When Nature is news
The recent seminar and workshop in the city on environment journalism were an eye-opener to budding journalists, wishing to focus on such issues.
A TWO-DAY seminar and workshop for journalists (particularly environmental journalists and aspirants), organised by the Chennai-based CPR Environment Education Centre (CPREEC), the Washington-based International Centre for Journalists and the Bangalore-based Indian Institute of Journalism and New Media, began as steadily and remarkably as it ended. But the amount of information exchanged during the 13 hours of brain storming spread over two days left one working the grey cells overtime on issues, each of which required more probing questions than the traditional five W's (who? what? where? when? why?) which are universally believed to be the maxims of journalism.
Nandita Krishna, director, CPREEC, stated unequivocally that ``India has traditionally worshipped Nature, and safeguarded it by endowing sanctity on mountains, rivers, water bodies, groves, trees and animals'' which in a way set the tone of the seminar and workshop. Each one of us, particularly those who were born either long before Independence or not long after, reminisces merrily about the happy times when one could wade in the pond or river without worrying if skin rashes will erupt soon. Even now people stand waist-deep in rivers, scooping up water in their palms and pouring them on their head after a silent prayer. That many of them rush home for a hot water bath later wasn't needed those days.
Sheela Rani Chunkath, chairperson, Tamil Nadu Pollution Control Board, in her keynote address, spoke on the pollution by tanneries of Tamil Nadu. ``We hear of chromium in effluents from tanneries, but the most significant source of pollution is common salt.'' The raw hide reaching the tanneries is loaded with salt that is used as a preservative. But during the first stage of the tanning process, this salt has to be leached. The need to instal effluent treatment plants (ETPs) either individually or as a common unit that can handle the effluent load of a group of tanning units is obvious, and as some speakers insisted, many units, but not all, in Tamil Nadu had ETPs.
The dingdong battle of wits between the proponents and opponents of tanneries showed how perceptions differed depending on which bank of the river one stood. From the impact of tannery effluents on the quality of life and water to the ways in which the effluents are treated to remove the harmful components, it was education through a war of attrition all the way. It was interesting to note that 60 per cent of tanneries in India are located in Tamil Nadu, more specifically along the Palar river. Why is it that tanneries are located in developing countries but not in developed countries, other than the ones in Italy? As Rajamani of the Central Leather Research Institute, Chennai put it, ``There is a transfer of pollution activity.'' The Environmental Protection Agency in the U.S., for instance, has sweeping powers and clamps down on industrial units violating the prescribed environmental norms. Given that tanning is an environment-damaging activity, there is no possibility of tanneries cropping up in the U.S. It therefore makes economic sense to seek sources in nations where environmental pollution control boards are either non-existent or do not have adequate powers to take punitive action against renegades or where the legal system can be used to delay a punitive action from taking effect.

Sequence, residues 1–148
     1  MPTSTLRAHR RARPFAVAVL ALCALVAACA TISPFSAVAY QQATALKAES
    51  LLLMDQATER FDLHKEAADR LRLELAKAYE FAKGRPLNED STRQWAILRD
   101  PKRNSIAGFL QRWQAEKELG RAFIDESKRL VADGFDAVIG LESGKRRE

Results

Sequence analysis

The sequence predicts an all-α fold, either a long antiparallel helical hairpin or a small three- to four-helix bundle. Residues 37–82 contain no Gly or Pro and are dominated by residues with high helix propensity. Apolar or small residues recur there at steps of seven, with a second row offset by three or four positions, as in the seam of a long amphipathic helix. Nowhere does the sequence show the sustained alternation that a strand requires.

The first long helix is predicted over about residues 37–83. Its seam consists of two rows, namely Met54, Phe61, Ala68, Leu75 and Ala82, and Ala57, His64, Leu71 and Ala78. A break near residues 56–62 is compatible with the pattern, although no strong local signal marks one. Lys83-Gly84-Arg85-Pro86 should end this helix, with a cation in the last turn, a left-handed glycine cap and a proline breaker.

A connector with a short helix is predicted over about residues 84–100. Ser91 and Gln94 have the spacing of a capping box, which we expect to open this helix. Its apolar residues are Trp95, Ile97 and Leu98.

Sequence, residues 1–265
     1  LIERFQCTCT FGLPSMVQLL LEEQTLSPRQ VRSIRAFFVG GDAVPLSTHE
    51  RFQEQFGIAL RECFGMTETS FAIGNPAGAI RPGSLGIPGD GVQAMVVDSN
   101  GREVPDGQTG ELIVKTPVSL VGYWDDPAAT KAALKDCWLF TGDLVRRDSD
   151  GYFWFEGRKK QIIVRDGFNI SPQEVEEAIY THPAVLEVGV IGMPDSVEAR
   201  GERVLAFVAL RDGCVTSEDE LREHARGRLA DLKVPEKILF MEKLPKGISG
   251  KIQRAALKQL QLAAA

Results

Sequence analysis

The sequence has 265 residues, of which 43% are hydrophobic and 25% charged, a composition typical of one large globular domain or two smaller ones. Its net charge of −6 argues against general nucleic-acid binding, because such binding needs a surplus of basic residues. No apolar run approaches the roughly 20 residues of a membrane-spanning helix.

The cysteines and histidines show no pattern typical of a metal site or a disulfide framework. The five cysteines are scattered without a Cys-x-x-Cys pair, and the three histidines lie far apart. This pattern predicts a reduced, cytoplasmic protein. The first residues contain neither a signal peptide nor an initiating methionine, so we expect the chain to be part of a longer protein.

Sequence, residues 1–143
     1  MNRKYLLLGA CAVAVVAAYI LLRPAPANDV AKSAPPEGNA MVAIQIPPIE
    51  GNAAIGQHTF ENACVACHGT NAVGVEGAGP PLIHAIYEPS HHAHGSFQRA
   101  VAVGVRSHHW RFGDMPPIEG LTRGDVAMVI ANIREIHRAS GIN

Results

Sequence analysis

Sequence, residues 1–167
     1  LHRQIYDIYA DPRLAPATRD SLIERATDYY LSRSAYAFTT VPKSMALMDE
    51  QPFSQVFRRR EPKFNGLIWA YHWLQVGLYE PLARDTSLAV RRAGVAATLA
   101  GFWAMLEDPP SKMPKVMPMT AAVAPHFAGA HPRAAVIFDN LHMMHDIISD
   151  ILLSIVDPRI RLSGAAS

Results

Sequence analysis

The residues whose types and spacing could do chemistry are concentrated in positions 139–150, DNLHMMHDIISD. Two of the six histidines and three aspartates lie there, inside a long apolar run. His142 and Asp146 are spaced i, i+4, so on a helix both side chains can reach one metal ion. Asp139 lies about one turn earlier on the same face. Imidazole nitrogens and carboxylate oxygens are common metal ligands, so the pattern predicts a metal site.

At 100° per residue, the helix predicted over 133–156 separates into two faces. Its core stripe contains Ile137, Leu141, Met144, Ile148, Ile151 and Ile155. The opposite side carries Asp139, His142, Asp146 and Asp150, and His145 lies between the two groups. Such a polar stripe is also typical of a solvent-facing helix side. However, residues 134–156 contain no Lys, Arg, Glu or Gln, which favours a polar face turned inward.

The afternoon session of the first day focussed on the trends in environment journalism. Adam Glenn, Ford Environmental Journalism fellow, as a resource person had enough skills to infuse adrenalin in budding journalists. His workshop covering a wide range of techniques - from explaining video clips on interview techniques to the dicey issue of journalistic ethics to organising interview exercises - offered a lot of food for thought. The most important outcome of sessions was the realisation that almost every topic under the sun will have significant environment content, though admittedly ``environment topics are considered soft topics by editors all over the world'' Adam Glenn commented, but said, ``It shouldn't be difficult to argue and fight with the editors for space for an environmental story.''
The best way Adam Glenn could have served as a human resource manager for journalists was if he were to discuss issues of importance to the whole planet and how environmental issues were being handled in other countries. One hopes this will happen in workshops likely in future.
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